Housing unaffordability has some folks considering leaving the foothills altogether. After speaking with over three dozen insurance agents, Becca Foles of Foresthill received three home insurance offers of $11,500, $16,000 and $19,432 a year. Just two years earlier, she was paying $1,250. The Foles’ American Dream may be no more — soon.
“We literally feel like we’re going to lose our home and won’t be able to have children here unless we sell it and move back into a rental,” Foles said. “It’s our perfect, dream home. We’re just devastated by what’s going on.”
The housing market in fire-prone areas has been hit hard over the past year. Home sales over the past year are down 11 percent in El Dorado County, 3 percent in Nevada County, 23 percent in Amador County and 15 percent in Plumas County, according to the California Association of Realtors. Recent market decline is just the beginning unless seismic changes take place immediately, according to Patsfield.
“We don’t have five or 10 years for the state to save our foothill communities,” Patsfield said. “We’re running people out of California and we need something to change soon.”
Many homeowners that are unable to buy private insurance turn to the California FAIR Plan, which is supposed to be the last resort for coverage. This plan offers bare-bones coverage at a premium price. From 2015 to 2018, there was a 177 percent increase in high-risk area homeowners forced into the FAIR plan, according to the insurance commissioner’s data.
Debra Miller, president of the El Dorado County Association of Realtors, noted that the California Fair Plan is often homeowners’ only option but “can be costly and/or unaffordable for some residents.”
El Dorado County is almost entirely a high-risk fire zone, according to Cal Fire hazard maps. An estimated 75 percent of the 90,000 residential properties in the county are at risk of losing fire insurance coverage or receiving high premium increases.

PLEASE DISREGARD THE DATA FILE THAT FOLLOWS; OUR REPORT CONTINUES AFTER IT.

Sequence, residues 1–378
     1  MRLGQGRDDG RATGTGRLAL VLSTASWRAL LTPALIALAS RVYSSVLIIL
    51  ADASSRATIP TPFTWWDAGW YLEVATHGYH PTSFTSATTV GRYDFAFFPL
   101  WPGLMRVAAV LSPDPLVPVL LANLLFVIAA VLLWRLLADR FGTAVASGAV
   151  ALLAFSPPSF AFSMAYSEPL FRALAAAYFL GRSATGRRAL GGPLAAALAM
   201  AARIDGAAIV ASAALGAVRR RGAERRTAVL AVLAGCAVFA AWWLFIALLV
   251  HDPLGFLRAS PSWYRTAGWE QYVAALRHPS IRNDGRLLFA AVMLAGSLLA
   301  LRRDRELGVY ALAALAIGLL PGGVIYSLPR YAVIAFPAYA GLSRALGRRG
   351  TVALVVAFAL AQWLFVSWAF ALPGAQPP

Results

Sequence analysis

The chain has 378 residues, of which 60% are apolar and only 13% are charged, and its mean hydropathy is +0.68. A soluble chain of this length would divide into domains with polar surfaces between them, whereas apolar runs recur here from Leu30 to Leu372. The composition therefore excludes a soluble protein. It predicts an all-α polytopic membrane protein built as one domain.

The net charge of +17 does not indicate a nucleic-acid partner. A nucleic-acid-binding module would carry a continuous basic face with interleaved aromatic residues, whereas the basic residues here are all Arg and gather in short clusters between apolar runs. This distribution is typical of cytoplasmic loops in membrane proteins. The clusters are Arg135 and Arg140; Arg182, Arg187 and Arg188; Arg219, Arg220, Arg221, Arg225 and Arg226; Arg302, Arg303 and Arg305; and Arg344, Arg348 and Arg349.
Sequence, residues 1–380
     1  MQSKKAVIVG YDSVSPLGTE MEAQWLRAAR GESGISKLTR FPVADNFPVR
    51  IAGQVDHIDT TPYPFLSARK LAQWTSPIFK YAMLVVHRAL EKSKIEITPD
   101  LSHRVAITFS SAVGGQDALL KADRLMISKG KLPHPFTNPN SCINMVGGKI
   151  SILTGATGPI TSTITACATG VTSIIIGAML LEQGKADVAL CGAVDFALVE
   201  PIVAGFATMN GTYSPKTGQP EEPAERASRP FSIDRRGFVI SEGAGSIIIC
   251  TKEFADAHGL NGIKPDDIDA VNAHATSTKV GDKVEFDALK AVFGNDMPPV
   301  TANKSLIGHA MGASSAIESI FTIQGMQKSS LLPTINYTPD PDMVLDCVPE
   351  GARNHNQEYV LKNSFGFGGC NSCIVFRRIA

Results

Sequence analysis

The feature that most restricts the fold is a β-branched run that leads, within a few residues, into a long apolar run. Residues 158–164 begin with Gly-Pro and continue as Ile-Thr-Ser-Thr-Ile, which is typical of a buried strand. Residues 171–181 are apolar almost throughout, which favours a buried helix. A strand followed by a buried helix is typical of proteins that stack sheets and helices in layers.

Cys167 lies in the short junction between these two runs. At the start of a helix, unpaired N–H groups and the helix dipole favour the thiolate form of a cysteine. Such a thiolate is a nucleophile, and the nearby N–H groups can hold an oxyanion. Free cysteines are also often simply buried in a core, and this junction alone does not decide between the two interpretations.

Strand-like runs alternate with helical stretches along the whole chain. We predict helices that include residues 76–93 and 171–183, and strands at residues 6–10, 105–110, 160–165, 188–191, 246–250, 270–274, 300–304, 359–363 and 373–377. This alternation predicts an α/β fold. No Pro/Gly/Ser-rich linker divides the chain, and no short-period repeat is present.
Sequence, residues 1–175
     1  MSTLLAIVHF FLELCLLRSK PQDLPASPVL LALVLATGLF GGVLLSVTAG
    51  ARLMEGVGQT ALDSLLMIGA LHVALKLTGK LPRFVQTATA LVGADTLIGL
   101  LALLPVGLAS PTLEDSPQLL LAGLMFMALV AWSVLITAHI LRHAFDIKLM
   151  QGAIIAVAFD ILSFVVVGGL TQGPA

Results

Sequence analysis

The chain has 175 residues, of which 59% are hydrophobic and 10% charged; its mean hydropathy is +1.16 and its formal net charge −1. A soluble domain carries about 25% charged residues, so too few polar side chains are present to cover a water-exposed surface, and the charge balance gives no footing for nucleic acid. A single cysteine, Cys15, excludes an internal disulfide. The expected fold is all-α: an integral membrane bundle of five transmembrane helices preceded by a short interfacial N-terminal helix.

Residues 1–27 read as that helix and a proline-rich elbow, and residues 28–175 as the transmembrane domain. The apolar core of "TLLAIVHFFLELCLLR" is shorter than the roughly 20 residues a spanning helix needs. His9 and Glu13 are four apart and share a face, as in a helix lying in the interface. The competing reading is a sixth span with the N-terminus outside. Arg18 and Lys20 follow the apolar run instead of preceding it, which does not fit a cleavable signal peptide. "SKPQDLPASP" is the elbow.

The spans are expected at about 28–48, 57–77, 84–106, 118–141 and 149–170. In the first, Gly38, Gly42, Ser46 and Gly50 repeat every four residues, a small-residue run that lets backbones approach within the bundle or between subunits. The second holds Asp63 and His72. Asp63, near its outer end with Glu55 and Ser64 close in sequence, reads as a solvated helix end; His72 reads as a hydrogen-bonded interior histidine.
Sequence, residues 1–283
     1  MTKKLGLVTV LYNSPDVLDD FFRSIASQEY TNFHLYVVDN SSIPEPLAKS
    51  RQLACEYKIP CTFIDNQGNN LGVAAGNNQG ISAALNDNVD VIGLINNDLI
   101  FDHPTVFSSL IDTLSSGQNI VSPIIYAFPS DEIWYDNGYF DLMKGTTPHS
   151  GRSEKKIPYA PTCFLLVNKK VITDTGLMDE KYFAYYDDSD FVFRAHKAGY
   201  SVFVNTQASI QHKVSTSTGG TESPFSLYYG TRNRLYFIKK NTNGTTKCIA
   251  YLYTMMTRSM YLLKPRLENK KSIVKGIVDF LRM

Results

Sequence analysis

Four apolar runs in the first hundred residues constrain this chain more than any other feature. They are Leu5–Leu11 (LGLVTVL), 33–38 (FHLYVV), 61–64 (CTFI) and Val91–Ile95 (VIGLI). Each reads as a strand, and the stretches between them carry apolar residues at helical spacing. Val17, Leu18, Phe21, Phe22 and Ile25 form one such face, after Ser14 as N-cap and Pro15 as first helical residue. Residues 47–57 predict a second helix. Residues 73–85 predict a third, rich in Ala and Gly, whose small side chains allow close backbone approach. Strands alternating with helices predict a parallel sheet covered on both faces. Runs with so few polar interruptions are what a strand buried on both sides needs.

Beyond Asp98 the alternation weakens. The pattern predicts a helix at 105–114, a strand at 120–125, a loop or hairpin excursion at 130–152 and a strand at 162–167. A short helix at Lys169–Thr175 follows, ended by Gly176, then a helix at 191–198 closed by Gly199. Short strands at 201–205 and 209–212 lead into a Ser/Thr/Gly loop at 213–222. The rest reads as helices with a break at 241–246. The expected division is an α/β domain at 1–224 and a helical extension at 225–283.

Since the release of the data, Lara has toured through Gold Country holding town halls and meetings with public officials throughout August. On Aug. 15 El Dorado County Supervisors John Hidahl and Brian Veerkamp met with Lara to discuss the home insurance crisis. Speaking of the meeting, Veerkamp highlighted the county’s effort to mitigate home insurance woes through its vegetation management program.
“This meeting was a positive first step in helping Commissioner Lara understand the challenges in El Dorado County and establish a relationship with him and his staff to help meet our residents’ needs,” Veerkamp said in a statement.
“We also explained how our recently enacted vegetation management ordinance dovetails into his belief that pre-disaster prevention and mitigation is a key component to this issue and the impact unavailable coverage has not only on homeowners but also our economy and our government’s ability to provide needed services to our residents.”
In a letter sent to Lara on July 25, the El Dorado County Board of Supervisors characterized the issue as a downright emergency.
“Premiums are skyrocketing, policies are canceled outright and notices of non-renewal within weeks of a policy’s expiration are occurring at an alarming rate, and it is not an exaggeration to characterize the situation as dire,” wrote District 5 Supervisor Sue Novasel, the lead author of the letter. “An especially worrisome aspect to the matter is El Dorado County’s higher-than-average population of seniors, many of whose fixed incomes can ill bear the dramatic premium increases — that is if their carriers continue to cover their homes at all.”